Share This Page

Highmark to spend $500 million on care network

Health insurance giant Highmark Inc. will spend up to $500 million to develop a new network of doctors, community hospitals and outpatient locations in Western Pennsylvania in addition to the $475 million it has promised to prop up West Penn Allegheny Health System, the Tribune-Review has learned.

The network will include medical malls, ambulatory care centers, a health information exchange, partnerships with community hospitals and primary and specialty care centers, officials with the insurer said.

Highmark President Dr. Ken Melani during the last two weeks has briefed Allegheny General Hospital physicians and others about his strategy to take on dominant rival UPMC.

"We believe this investment on behalf of our customers is crucial to address the unsustainable increases in health-care costs that are making health insurance less affordable for our customers and the community," said Highmark spokesman Michael Weinstein in response to questions from the Trib.

The Trib reported this month that Highmark wants to build 10 outpatient centers or medical malls in the Pittsburgh area. The first one would be in the Monroeville-Murrysville area. Highmark has announced a partnership with Premier Medical Associates, the area's biggest multi-speciality independent doctor's group.

Jan Jennings, a longtime health care consultant and former CEO of the independent Jefferson Regional Medical Center, said the $500 million will be money well spent because both Highmark and West Penn Allegheny are in a fight for their life.

"Where else could they better spend their money?" said Jennings, president of American Healthcare Solutions, Downtown. "They're putting this directly into the patient care delivery system, and you have some of the smartest people doing it. It's remarkable and marvelous."

The nearly $1 billion in total expenditures to reinvent itself as a health care provider represents about a fourth of the roughly $4 billion in reserves of nonprofit Highmark. The state's largest health insurer with about 3 million members, the Downtown-based firm had $462 million in profits last year.

Highmark announced in June plans to acquire West Penn Allegheny, the region's second-largest hospital network. West Penn Allegheny, whose hospitals include AGH in the North Side and West Penn Hospital in Bloomfield, reported a $51.8 million loss in operations during the fiscal year that ended June 30.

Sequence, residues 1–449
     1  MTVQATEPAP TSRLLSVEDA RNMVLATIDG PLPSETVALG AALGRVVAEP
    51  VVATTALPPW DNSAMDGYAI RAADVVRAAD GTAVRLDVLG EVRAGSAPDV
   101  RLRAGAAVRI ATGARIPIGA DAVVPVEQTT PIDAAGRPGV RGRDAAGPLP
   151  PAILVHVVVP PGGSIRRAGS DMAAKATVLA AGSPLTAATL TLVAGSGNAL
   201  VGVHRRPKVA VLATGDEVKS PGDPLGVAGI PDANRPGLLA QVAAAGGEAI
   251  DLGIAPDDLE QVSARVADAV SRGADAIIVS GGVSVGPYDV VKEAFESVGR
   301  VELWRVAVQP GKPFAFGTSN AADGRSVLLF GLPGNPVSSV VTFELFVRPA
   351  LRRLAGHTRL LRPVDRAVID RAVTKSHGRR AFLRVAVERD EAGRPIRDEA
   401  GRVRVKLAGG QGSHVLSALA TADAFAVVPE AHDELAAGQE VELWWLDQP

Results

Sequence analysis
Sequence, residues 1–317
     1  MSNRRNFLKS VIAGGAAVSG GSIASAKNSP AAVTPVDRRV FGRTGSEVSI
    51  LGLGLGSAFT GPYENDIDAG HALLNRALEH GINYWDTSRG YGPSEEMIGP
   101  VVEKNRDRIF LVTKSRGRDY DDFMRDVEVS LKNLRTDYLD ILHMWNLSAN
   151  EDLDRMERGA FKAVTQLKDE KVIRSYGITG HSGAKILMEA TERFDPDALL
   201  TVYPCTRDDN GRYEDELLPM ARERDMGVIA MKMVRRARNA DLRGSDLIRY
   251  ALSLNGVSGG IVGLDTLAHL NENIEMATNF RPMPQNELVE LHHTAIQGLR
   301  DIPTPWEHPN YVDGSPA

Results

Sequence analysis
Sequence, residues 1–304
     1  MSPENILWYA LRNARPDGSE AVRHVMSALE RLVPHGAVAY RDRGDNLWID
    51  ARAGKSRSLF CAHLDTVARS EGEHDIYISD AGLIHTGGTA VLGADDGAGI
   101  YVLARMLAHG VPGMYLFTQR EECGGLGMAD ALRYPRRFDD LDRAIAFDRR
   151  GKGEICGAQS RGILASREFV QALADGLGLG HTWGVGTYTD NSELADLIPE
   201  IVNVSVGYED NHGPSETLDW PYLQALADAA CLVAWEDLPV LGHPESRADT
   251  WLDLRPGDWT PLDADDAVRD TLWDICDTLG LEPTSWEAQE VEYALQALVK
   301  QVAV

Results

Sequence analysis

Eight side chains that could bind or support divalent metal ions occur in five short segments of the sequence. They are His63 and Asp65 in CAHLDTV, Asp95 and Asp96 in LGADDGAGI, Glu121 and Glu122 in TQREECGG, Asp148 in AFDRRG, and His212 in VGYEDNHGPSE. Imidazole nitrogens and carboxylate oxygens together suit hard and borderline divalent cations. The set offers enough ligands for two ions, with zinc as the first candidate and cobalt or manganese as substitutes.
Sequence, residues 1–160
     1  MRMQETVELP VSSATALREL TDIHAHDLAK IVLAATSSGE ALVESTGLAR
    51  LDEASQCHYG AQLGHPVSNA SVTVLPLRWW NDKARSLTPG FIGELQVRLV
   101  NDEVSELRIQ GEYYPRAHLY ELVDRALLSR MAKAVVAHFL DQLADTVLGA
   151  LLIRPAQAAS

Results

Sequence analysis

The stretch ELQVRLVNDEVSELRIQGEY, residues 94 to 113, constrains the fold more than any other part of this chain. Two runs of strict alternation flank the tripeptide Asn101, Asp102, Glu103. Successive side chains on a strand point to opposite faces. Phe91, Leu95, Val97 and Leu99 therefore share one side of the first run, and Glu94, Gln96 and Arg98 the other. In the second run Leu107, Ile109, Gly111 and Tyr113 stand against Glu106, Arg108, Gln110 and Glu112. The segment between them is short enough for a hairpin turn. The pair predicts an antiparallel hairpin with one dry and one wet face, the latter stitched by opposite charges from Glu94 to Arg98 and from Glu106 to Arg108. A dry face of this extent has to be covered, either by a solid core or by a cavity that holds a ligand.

Highmark has given the hospital network $175 million. The money includes a $25 million advance in April, a $50 million payment in June and $100 million when they closed on the affiliation in November. This month, Highmark officials outlined about $20 million in improvements to Forbes Regional Hospital in Monroeville so it can compete with UPMC East, a $240 million hospital built less than a mile away and scheduled to open in July.

Highmark officials are awaiting approval from the Pennsylvania Attorney General, the state Insurance Commissioner, the Allegheny County Orphan's Court and the Internal Revenue Service in order to complete the transaction. Melani told AGH doctors he hopes to obtain those approvals by June 30.

Highmark's acquisition of West Penn Allegheny prompted UPMC to terminate its contracts with Highmark. But after threatening to end the contracts this year, UPMC extended its existing pact with Highmark through June 30, 2013.

TribLIVE commenting policy

You are solely responsible for your comments and by using TribLive.com you agree to our Terms of Service.

We moderate comments. Our goal is to provide substantive commentary for a general readership. By screening submissions, we provide a space where readers can share intelligent and informed commentary that enhances the quality of our news and information.

While most comments will be posted if they are on-topic and not abusive, moderating decisions are subjective. We will make them as carefully and consistently as we can. Because of the volume of reader comments, we cannot review individual moderation decisions with readers.

We value thoughtful comments representing a range of views that make their point quickly and politely. We make an effort to protect discussions from repeated comments either by the same reader or different readers

We follow the same standards for taste as the daily newspaper. A few things we won't tolerate: personal attacks, obscenity, vulgarity, profanity (including expletives and letters followed by dashes), commercial promotion, impersonations, incoherence, proselytizing and SHOUTING. Don't include URLs to Web sites.

We do not edit comments. They are either approved or deleted. We reserve the right to edit a comment that is quoted or excerpted in an article. In this case, we may fix spelling and punctuation.

We welcome strong opinions and criticism of our work, but we don't want comments to become bogged down with discussions of our policies and we will moderate accordingly.

We appreciate it when readers and people quoted in articles or blog posts point out errors of fact or emphasis and will investigate all assertions. But these suggestions should be sent via e-mail. To avoid distracting other readers, we won't publish comments that suggest a correction. Instead, corrections will be made in a blog post or in an article.